The third story in the book, and the first not to follow the “super-speed rivals” theme, was another tale of the “modern” Flash, Barry Allen. “Danger in the Air” had originally appeared in Flash #113 (June-July, 1960), and like the Jay Garrick adventure before it, it featured the origin and first appearance of a relatively major super-villain — in this case, James Jesse, alias the Trickster. The Trickster seeks to emulate his near-namesake, the famous 19th century outlaw — but, whereas Jesse James robbed trains, James Jesse robs planes:
Obviously, the ability to run on air is a big help to this modern-day desperado. How does he do it? Why, with special shoes that he invented himself, back in the days when he was only the junior member of a family troupe of circus aerialists, and suffered from a fear of heights:
(Jet propulsion by way of compressed air from tiny holes? That is pretty clever, James. Too bad you set your sights on achieving fame and glory as a notorious criminal, since you could probably have made a huge fortune selling your incredible technology to the aviation industry.)
Super-shoes or no, the Trickster gets taken down pretty quickly by the Flash, who deduces his circus connection from his harlequin-inspired costume. But, not at all surprisingly, the villain would return for multiple engagements over the next several decades, quickly expanding his bag of clever, gimmicky tricks. (Meanwhile, actor Mark Hamill would go on to successfully portray a rather more deranged and murderous version of the character in both the 1990 and 2014 Flash live action television series.)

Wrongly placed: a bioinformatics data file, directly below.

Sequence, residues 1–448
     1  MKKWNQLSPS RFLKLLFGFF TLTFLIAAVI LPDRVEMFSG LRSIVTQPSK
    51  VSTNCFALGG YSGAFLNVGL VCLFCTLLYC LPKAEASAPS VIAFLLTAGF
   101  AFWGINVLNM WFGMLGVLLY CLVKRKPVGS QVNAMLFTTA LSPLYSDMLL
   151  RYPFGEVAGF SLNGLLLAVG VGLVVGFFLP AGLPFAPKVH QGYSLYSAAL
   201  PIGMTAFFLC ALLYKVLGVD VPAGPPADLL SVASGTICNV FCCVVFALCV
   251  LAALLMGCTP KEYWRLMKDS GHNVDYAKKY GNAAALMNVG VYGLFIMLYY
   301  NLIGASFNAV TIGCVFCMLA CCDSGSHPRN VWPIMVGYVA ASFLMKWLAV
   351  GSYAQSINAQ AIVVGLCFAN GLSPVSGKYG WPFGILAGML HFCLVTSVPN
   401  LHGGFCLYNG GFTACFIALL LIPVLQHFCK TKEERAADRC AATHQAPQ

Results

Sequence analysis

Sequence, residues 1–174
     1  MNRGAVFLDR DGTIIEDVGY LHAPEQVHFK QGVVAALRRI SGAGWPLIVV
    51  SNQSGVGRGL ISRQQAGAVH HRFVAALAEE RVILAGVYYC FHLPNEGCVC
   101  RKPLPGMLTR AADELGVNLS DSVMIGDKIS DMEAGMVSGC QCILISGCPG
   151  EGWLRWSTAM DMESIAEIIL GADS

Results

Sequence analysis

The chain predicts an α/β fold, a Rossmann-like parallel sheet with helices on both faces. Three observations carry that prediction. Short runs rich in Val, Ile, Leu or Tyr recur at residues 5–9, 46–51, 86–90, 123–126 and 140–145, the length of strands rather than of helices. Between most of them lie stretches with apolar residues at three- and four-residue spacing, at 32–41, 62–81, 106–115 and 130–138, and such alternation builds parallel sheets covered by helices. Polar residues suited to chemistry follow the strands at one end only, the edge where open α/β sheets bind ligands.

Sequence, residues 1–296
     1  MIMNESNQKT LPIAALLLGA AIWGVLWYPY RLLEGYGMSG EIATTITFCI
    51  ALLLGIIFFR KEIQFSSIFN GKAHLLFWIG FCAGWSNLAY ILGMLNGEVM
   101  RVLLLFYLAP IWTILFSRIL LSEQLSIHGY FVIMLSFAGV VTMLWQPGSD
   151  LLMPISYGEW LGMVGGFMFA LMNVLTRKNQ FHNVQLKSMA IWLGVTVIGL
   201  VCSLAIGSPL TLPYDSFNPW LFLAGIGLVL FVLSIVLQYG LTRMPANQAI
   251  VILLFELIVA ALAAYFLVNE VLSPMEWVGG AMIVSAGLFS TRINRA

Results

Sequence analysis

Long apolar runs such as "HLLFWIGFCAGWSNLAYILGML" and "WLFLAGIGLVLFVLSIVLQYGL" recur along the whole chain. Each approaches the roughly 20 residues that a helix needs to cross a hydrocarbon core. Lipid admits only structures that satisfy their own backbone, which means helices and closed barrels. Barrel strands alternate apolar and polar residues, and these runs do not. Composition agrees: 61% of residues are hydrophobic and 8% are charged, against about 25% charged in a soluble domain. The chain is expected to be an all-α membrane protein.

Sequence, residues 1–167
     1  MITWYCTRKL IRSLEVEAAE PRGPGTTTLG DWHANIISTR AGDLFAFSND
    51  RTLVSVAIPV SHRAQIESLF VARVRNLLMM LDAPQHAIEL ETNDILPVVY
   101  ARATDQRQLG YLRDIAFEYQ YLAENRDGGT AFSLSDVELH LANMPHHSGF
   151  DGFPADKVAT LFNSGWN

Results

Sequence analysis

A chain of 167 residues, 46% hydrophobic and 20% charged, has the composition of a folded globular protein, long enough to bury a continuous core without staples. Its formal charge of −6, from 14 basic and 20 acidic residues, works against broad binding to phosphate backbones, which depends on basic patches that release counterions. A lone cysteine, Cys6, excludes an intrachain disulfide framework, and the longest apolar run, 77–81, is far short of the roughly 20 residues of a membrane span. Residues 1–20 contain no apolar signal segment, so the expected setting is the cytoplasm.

Flash #160’s fourth story returned to the “other speedsters” theme, with a reprint of “King of the Beatniks” from issue #114 (August 1960). This tale starred Barry Allen’s protégé Kid Flash, a.k.a. Wally West, whom I’d already met in my very first issue of Flash, #156 — though in that story he’d worn his own unique costume, rather than the junior-sized version of Barry’s outfit that he sported in this adventure. (A helpful note added at the end of the reprinted story explained that Wally got his new duds in the March, 1963 issue of The Flash.) In the story, Wally’s classmate Jimmy King goes missing after being falsely accused of cheating on a test. Not only is Jimmy a close friend of Wally, but even more importantly, he’s their school’s star track and field athlete, and the big tri-state meet is tomorrow! So Kid Flash heads to the big city where he knows Jimmy’s older cousin Paul lives — only to find that Paul is now the leader of a gang of thieves, and they’re holding Jimmy prisoner!